Strain, strain background (C. reinhardtii, mt+)fla8::FLA8-HA/IFT46-YFPThis studyfla8::FLA8-HA strain expressing IFT46-YFP
Strain, strain background (C. reinhardtii, mt+)fla8::KIF3B’-HA/IFT46-YFPThis studyfla8::KIF3B’-HA strain expressing IFT46-YFP
Cell line (H. sapiens)HEK293TATCCATCC CRL-3216
Cell line (S. frugiperda)Sf9Expression SystemsSf9
Transfected construct (S. frugiperda)pOCC8-KAP-EGFP-HisThis studyJunmin Pan’s lab
Transfected construct
(S. frugiperda)
pOCC8-KAP3-EGFP-HisThis studySame as above
Transfected construct (S. frugiperda)pOCC25-FLA8-RFPThis studySame as above
Transfected construct (S. frugiperda)pOCC25-KIF3B-RFPThis studySame as above
Transfected construct (S. frugiperda)pOCC25-KIF3B’-RFPThis studySame as above
Transfected construct (S. frugiperda)pOCC52-FLA10-MBPThis studySame as above
Transfected construct (S. frugiperda)pOCC52-KIF3A-MBPThis studySame as above
Transfected construct (S. frugiperda)pOCC52-KIF3A’-MBPThis studySame as above
Transfected construct (H. sapiens)pCMV-FLA8-EGFPThis studySame as above
Transfected construct (H. sapiens)pCMV-FLA10-EGFPThis studySame as above
Transfected construct (H. sapiens)pCMV-FLA8-MBPThis studySame as above
Transfected construct (H. sapiens)pCMV-FLA10-MBPThis studySame as above
Transfected construct (H. sapiens)pCMV-FLA8This studySame as above
Transfected construct (H. sapiens)pCMV-FLA10This studySame as above
Transfected construct (H. sapiens)pCMV-KAPThis studySame as above
Transfected construct (H. sapiens)pCMV-EGFP
(pEGFP-C3)
AddgenepEGFP-C3
AntibodyAnti-HA (rat)Rocheclone 3F101:1000
AntibodyAnti-MBP (mouse)CMCTAGAT00301:1000
AntibodyAnti-GFP (rabbit)AbmartM20004S1:2000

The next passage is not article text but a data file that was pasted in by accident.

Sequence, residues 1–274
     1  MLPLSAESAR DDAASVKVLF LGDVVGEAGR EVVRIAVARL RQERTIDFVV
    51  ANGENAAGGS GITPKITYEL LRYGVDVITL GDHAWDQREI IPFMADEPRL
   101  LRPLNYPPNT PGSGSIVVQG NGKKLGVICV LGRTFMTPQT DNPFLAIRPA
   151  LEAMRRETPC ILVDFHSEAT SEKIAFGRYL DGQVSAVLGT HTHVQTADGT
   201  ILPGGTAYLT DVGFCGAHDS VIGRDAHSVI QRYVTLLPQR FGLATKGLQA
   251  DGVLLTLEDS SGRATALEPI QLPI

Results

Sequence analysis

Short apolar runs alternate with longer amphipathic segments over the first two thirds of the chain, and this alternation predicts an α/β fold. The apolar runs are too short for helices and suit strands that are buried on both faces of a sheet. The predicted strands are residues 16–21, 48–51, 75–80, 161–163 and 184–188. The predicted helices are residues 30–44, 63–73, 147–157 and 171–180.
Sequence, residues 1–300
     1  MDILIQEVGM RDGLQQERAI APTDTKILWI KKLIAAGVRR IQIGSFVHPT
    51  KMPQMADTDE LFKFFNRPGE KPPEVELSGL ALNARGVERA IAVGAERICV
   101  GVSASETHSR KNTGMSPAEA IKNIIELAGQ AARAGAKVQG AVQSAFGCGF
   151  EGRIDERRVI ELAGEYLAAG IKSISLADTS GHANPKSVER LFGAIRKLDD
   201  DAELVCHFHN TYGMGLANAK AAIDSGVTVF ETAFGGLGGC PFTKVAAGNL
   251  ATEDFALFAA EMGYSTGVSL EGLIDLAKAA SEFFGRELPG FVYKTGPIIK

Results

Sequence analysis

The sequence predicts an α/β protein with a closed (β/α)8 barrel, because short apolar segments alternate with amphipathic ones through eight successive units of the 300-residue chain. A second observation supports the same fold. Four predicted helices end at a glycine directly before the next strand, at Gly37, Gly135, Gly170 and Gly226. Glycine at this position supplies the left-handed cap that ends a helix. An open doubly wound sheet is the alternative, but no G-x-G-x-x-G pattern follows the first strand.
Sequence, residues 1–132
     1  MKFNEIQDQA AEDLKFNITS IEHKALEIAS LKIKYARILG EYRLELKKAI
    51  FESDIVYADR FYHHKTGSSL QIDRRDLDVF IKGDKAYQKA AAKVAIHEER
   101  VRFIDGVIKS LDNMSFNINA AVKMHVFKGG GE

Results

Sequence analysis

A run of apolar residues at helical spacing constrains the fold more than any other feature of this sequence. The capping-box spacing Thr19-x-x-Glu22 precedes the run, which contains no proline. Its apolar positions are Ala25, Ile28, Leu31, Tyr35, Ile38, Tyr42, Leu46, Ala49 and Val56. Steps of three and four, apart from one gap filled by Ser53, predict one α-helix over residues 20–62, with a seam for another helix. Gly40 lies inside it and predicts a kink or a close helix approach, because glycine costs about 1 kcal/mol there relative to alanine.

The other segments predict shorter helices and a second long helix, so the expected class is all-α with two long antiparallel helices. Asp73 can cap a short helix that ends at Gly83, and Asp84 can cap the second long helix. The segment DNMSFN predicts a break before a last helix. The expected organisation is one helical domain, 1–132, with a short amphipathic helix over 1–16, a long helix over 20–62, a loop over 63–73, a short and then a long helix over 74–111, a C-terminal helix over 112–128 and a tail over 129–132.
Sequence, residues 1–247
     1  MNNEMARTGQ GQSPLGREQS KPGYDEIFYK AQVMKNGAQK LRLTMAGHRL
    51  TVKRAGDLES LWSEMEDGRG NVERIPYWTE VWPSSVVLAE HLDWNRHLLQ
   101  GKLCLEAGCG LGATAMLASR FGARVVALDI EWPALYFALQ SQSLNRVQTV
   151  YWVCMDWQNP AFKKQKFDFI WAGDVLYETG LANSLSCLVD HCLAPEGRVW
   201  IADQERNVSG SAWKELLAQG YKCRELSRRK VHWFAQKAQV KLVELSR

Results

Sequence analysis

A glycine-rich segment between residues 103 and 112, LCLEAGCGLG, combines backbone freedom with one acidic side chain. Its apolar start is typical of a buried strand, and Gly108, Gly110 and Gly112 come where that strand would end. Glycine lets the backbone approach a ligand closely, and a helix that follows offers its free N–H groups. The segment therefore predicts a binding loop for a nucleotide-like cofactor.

AntibodyAnti–α-tubulin (mouse)Sigma-AldrichT61991:3000
AntibodyAnti-IC69 (mouse)Sigma-AldrichD61681:20000
AntibodyAnti-IFT140 (rabbit)Zhu et al., 2017a1:2000
AntibodyAnti-IFT144 (rabbit)Zhu et al., 2017a1:2000
AntibodyAnti-IFT46 (rabbit)Lv et al., 20171:2000
AntibodyAnti-IFT38 (rabbit)This study1:3000
AntibodyAnti-IFT57 (rabbit)This study1:2000
AntibodyAnti-IFTD1bLIC (rabbit)Meng and Pan, 20161:1000
AntibodyAnti-FLA8 (rabbit)Liang et al., 20141:3000
AntibodyAnti-FLA10 (rabbit)Cole et al., 19981:3000
AntibodyAnti-KAP (rabbit)Liang et al., 20141:3000
AntibodyAnti-KIF3A (rabbit)Abcamab112591:2000
AntibodyAnti-KIF3B (rabbit)Abcamab892781:500
AntibodyAnti-KIFAP3 (KAP3) (rabbit)Abcamab1335371:5000
AntibodyAnti-Mouse IgG (H and L)-HRP Conjugated (goat)EasyBioBE01021:200
AntibodyAnti-Rabbit IgG (H and L)-HRP Conjugated (goat)EasyBioBE01011:200
AntibodyAnti-Rat IgG (H+L), HRP (goat)EasyBioBE01081:200
AntibodyAlexa Fluor 647–conjugated anti-mouse IgG (goat)Molecular probesA212351:200
AntibodyAlexa Fluor 594–conjugated anti-rabbit IgG (goat)Molecular probesA110371:200
Ahemical compound, drugNi-NTA AgaroseQiagen30210
Chemical compound, drugAmylose ResinNEBE8021
Chemical compound, drugAnti-GFP Magarose BeadsSmart-life sciencesSM03801
Chemical compound, drugMini-Complete (EDTA-free)Roche4693132001
Chemical compound, drugMG-132SelleckS2619
Chemical compound, drugMG-101 (ALLN)SelleckS7386
Chemical compound, drugPoly-lysineSigma-AldrichP8920
Software, algorithmImageJNIH Imagehttps://imagej.nih.gov/
Software, algorithmGraphPad Prism 7GraphPad Softwarehttps://www.graphpad.com/
Software, algorithmAdobe Illustrator and Photoshop CS6Adobehttps://www.adobe.com/Illustrator

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    Intraflagellar transport
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    Intraflagellar transport
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Decision letter

  1. Ahmet Yildiz
    Reviewing Editor; University of California, Berkeley, United States
  2. Anna Akhmanova
    Senior Editor; Utrecht University, Netherlands
  3. Ahmet Yildiz
    Reviewer; University of California, Berkeley, United States

In the interests of transparency, eLife publishes the most substantive revision requests and the accompanying author responses.

Acceptance summary:

This manuscript explores the molecular determinants enabling the kinesin-II motor protein to drive intraflagellar transport (IFT) and its contribution to ciliary length control. Kinesin-II has two motor subunits and a non-motor subunit. In this study, the authors demonstrate that kinesin-II is an obligate heterodimer, as engineered homodimeric motors are either unstable or undergo protein degradation. They also showed that engineering of a slow kinesin-II mutant results in shorter flagella, which provides the missing evidence for the primary role of kinesin-II in flagellar length control in Chlamydomonas.

Decision letter after peer review: